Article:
Trees are a perennial wood plant which typically has many secondary branches supported and lifted clear off the ground by a central main stem or trunk. The insides of trees contain woody tissues for strength and vascular tissue to carry nutrients from one part of the tree to another. Most trees are surrounded by a layer of bark which serves as a protection barrier. Below the ground, roots branch and spread out widely, serving to anchor the tree in place as well as extract moisture and nutrients from its environment. Trees typically bear leaves (or needles) which contain chlorophyll and convert energy from sunlight, as is typical of most plants.

Trees are used by humans in many ways, but mostly as a food source from the fruits they bear, as well for building materials from lumber. The sap or resin from trees is also processed and used to make various chemical preservatives, such as varnishes. Dried lumber and tree branches are also used as fuel for making fire, which provides for warmth and cooking. Even the bark of certain tree species is used, for example the spice cinnamon is made from the bark of the cinnamon tree, and the medicine, aspirin, is made from the bark of the willow tree.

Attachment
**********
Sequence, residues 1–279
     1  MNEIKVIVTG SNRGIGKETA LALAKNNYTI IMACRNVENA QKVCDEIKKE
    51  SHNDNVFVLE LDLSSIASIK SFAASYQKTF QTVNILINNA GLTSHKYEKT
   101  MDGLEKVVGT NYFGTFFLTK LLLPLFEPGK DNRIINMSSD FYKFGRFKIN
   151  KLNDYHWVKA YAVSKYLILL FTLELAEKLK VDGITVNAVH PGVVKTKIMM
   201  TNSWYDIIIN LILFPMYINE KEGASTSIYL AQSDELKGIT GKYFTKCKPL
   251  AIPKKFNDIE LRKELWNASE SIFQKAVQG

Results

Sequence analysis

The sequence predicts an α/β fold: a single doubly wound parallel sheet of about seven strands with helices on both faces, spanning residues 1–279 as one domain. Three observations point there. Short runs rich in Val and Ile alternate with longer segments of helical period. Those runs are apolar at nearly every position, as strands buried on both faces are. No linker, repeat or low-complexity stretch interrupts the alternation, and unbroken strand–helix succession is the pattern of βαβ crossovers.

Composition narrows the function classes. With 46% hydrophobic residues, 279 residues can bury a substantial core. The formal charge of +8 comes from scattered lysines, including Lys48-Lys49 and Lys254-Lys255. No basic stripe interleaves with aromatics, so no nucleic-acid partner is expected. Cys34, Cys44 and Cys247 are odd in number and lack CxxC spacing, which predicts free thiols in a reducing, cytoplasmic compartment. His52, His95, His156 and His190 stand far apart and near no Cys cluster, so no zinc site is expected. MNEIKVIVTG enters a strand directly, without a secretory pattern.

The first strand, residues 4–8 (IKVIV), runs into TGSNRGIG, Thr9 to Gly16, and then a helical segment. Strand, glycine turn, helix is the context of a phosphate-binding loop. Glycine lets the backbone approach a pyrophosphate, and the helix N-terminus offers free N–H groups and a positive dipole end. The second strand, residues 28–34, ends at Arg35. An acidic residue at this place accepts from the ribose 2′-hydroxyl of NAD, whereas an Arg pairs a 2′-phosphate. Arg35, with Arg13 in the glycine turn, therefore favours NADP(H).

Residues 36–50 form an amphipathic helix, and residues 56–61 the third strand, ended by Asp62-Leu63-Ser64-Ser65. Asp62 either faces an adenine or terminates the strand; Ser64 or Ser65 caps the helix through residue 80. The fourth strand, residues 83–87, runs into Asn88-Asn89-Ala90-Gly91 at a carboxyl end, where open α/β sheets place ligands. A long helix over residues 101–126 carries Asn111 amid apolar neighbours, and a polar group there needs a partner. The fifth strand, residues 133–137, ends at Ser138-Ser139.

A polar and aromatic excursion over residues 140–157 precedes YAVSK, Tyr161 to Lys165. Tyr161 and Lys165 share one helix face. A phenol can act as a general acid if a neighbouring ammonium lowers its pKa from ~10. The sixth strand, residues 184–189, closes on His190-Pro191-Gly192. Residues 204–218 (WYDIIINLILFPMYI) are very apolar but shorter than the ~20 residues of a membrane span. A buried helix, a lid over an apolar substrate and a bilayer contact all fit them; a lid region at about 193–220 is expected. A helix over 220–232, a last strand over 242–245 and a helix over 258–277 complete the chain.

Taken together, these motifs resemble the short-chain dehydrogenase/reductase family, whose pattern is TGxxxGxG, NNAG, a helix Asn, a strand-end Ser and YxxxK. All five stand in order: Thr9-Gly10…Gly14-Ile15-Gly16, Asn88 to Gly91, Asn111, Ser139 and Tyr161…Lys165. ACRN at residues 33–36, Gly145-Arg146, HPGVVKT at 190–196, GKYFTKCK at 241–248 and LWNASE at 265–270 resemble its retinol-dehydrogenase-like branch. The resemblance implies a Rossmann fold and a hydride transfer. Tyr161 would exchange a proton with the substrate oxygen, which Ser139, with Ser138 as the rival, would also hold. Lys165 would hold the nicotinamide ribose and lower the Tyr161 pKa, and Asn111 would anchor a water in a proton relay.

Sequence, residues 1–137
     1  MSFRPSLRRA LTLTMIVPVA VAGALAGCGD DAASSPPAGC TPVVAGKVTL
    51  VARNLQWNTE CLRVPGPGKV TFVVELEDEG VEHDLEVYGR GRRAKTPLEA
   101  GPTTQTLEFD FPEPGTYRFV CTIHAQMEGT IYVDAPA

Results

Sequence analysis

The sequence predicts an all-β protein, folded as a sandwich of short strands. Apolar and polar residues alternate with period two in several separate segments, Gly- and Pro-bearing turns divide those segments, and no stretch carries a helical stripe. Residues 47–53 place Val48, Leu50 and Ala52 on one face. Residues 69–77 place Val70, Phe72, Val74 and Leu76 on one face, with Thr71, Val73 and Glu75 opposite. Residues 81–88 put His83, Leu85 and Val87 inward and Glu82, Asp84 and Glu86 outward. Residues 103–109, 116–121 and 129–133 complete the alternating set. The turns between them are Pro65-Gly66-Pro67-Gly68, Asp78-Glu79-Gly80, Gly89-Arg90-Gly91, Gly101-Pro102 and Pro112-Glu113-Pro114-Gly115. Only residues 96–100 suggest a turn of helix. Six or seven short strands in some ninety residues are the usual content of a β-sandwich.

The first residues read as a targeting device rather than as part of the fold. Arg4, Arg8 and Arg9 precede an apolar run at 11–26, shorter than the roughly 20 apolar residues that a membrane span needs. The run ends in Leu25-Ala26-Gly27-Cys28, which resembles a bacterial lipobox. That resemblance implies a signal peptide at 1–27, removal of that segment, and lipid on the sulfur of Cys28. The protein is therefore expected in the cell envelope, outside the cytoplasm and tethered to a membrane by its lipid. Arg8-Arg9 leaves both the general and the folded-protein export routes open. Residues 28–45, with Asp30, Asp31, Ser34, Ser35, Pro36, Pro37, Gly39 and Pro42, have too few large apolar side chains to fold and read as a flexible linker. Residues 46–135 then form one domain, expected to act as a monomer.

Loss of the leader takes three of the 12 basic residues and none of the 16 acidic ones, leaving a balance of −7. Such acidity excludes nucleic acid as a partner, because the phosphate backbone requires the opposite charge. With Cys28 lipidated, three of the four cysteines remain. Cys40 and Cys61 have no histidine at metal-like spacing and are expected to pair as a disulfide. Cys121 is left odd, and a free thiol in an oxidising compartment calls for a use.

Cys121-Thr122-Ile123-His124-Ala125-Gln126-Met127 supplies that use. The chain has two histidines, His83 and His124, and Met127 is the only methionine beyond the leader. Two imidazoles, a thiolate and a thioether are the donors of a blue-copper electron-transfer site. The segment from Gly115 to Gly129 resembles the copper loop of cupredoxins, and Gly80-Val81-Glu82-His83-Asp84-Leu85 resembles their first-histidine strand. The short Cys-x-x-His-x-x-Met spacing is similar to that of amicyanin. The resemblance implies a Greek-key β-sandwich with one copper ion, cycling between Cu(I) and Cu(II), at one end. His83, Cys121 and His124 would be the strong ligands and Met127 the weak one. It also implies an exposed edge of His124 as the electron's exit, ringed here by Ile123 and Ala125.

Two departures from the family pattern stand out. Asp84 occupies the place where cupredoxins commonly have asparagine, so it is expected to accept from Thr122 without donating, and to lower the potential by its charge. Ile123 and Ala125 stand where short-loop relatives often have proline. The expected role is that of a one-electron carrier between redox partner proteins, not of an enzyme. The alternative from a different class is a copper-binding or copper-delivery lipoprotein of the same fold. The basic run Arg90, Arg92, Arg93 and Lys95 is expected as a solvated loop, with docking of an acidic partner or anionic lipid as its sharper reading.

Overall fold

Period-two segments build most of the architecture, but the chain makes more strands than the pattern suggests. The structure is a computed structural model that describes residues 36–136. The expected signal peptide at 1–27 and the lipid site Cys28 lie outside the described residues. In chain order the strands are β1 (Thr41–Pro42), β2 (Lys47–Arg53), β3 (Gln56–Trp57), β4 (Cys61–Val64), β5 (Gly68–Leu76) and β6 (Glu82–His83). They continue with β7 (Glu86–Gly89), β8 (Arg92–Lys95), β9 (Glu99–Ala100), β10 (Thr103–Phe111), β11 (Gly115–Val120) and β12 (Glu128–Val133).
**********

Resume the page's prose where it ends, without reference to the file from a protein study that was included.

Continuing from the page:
Connecticut, like other parts of New England, is famous for our deciduous tree forests, especially in the autumn, when the leaves turn a variety of colors including bright yellows, reds and oranges. Maple syrup, made from the sap of maple trees is also a local favorite and used as a topping for pancakes and waffles in most of the United States. Connecticut also has an abundance of fruit trees and orchards, and apple picking is a favorite autumn activity.

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